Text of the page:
The tussle over the renewal of land lease for Del Monte Kenya Limited for another 99 years is far from over despite last week’s deal with Kiambu Governor Ferdinand Waititu.
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Mr Waititu signed a Memorandum of Understanding (MoU) with the the company’s Managing Director Stergios Gkaliamoutsas, agreeing to facilitate the renewal of leasehold for the firm’s 8,000-acre land in Kiambu for another 99 years.
In return, the food processing firm agreed to surrender 635 acres to the county.
But even before the ink could dry on the signed documents, Senator Kimani Wamatangi is accusing Waititu of not following the law in the matter and sidelining other local leaders.
In a letter copied to the chairman of National Land Commission (NLC), Central Regional Commissioner, Kiambu County Commissioner and the Del Monte MD, Wamatangi says the MoU overlooked certain important issues and requirements.
In the letter, Wamatangi says he has no objection to the renewal of Del Monte’s land lease, acknowledging that the company employs many people from the county besides other economic benefits.
But he points out that the firm also draws benefits from the land, which belongs to the people of Kiambu.
“It is important to clarify that the land leased to Del Monte belongs at all times to the people of Kiambu, and the exercise of it can only be within the limitations of a lease,” reads part of the letter.
He says upon a request for renewal of the lease, Del Monte cannot claim to surrender land to Kiambu people because, in the first place, it does not belong to the firm.
“It is the people of Kiambu to decide the size of land to offer and the terms of lease. This can only be after consultations through public participation and the determination of the current needs of the county,” wrote Wamatangi.
He accused the governor of sidelining area leaders in the matter adding that the decision on whether to extend the lease for the firm or not cannot be arrived at without involving the entire county leadership.
Thika MP Patrick Wainaina concurred with Wamatangi, terming the MoU between the county and Del Monte null and void.
Like Watangangi, the MP said he had no problem with the renewal of Del Monte land lease but the clause about the firm surrendering part of the parcel to the county.
“The company cannot give land to anyone since the land that will be surrendered will not be given to the county but to national Government,” said Wainaina.
“Only the national Government, through the NLC, can determine which land goes where and for what use,” he said.
The MP said the only way out of the impasse was to convene a crisis meeting on the matter, where all the county's elected leaders will be involved.
He said he had in the past bargained for about 500 acres from the company for the construction of an industrial park, a market, a motor vehicle inspection unit and sheds for jua kali artisans.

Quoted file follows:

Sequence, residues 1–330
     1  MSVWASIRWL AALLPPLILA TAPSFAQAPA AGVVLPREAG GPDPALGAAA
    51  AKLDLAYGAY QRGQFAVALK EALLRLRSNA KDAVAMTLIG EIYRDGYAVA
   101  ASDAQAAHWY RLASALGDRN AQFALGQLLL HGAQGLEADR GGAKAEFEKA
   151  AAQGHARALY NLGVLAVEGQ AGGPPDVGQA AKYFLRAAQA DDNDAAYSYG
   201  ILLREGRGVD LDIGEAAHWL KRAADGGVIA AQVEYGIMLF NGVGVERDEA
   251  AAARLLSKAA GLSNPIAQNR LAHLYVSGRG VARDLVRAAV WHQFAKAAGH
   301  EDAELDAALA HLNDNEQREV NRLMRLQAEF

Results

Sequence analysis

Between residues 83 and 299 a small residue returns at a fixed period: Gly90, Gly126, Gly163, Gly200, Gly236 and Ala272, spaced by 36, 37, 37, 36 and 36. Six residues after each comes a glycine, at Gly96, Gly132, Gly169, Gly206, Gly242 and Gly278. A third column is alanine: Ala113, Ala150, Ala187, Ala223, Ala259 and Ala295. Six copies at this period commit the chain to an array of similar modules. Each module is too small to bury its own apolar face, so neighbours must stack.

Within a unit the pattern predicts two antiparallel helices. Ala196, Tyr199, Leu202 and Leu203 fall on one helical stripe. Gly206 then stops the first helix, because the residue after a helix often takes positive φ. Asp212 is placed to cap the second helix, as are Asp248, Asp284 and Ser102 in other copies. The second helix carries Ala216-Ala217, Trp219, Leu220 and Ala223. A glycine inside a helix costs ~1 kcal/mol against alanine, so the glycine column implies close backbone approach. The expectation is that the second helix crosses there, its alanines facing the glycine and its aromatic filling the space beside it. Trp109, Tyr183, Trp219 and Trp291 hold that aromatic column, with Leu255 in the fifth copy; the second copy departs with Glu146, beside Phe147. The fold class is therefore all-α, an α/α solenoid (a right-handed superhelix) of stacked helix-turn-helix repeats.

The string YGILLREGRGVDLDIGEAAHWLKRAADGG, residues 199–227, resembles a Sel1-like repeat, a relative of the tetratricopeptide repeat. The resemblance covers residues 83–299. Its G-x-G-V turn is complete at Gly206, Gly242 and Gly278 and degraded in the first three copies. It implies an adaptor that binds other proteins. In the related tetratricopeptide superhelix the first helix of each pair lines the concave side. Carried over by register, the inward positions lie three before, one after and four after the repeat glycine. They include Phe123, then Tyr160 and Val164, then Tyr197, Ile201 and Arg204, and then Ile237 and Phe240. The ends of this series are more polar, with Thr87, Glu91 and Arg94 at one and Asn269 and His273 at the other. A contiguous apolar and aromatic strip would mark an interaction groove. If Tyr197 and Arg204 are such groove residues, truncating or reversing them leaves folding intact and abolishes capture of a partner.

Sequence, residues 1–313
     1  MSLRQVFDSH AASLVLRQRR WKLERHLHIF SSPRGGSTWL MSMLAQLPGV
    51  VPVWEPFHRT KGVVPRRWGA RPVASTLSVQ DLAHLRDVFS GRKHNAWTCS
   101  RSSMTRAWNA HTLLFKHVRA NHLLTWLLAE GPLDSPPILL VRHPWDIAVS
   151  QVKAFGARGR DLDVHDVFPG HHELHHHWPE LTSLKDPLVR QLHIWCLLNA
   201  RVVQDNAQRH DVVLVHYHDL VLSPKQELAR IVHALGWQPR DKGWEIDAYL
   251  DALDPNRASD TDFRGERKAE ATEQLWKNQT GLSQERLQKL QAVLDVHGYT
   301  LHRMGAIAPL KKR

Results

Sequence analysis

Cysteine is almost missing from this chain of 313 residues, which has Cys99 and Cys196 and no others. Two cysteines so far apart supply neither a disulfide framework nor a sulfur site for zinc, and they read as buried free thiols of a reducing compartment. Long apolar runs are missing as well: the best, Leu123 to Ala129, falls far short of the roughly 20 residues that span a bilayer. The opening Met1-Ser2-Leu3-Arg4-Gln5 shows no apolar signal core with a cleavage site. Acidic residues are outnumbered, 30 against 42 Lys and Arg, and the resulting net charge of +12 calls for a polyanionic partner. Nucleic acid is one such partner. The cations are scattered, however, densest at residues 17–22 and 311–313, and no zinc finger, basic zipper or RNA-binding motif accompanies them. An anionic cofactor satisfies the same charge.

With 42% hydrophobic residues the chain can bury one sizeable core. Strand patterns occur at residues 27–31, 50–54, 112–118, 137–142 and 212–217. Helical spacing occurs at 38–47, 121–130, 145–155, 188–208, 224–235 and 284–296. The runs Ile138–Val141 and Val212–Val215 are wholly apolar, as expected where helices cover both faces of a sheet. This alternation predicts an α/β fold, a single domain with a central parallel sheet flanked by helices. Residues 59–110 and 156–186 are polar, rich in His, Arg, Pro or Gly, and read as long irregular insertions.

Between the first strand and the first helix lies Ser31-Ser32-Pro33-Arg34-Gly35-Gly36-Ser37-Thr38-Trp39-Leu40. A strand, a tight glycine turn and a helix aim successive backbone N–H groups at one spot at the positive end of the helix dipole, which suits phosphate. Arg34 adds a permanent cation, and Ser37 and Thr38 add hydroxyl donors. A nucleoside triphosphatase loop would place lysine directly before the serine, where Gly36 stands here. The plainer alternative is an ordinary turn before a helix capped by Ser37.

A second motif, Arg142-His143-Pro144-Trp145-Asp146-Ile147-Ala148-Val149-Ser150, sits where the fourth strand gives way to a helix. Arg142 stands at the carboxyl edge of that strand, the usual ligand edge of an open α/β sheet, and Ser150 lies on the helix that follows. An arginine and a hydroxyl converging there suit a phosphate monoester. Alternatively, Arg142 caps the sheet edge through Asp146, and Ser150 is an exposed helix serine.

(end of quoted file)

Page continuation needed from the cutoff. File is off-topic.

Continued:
“The county can go ahead and give a ‘no objection,’ which is its job, but bargaining for a piece of land belongs to the Government, it is not within the county’s mandate,” he said.
In its efforts to have the lease of its vast farms renewed, Del Monte is also facing resistance in Murang’a County.
In suit papers filed in court in 2015, the firm’s MD indicated that political leaders from Murang’a had demanded more than 3,000 acres as a condition to renewing the lease that expires next year.
Governor Mwangi wa Iria wants the company to surrender the land along the Thika-Kenol highway for a planned city.
In court, Del Monte said it had agreed to give up 500 acres and later increased to 1,000 acres, but the county government refused to renew the lease.
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The firm argued that the leaders later withdrew the lease renewal offer and instead increased their demands.
The issue has seen Mr Iria and Senator Irungu Kang’ata clash on a proposal to establish a city on the land surrendered by the pineapple firm.
Mr Kang’ata says the proposal of a city would not help the community, arguing that majority of residents preferred the construction of a university and a hospital on the land.
These facilities, Kang’ata argued, would benefit people from Gatanga, Kandara and Maragwa constituencies.
The senator argued that the planned city would lead to subdivision of the public land to individuals, and that there was need for public participation on the matter to ensure transparency.
“I am opposed to the construction of a city because the land will end up in the wrong hands and leave the community with nothing,” he said.
Yesterday, Wa Iria said he would not facilitate the renewal of lease to Del Monte unless the company agrees to surrender the 3,000 acres.
In an interview with The standard, NLC acting Chair Abigael Mbagaya defended Kiambu for agreeing to a new leasehold for Del Monte.
“After the county concurs to the renewal it forwards to the commission an application to review the lease. The county concurred and there is nothing wrong with that,” she said.
She said according to the Land Act, the former owner has the right to apply for renewal. (Additional report by Boniface Gikandi)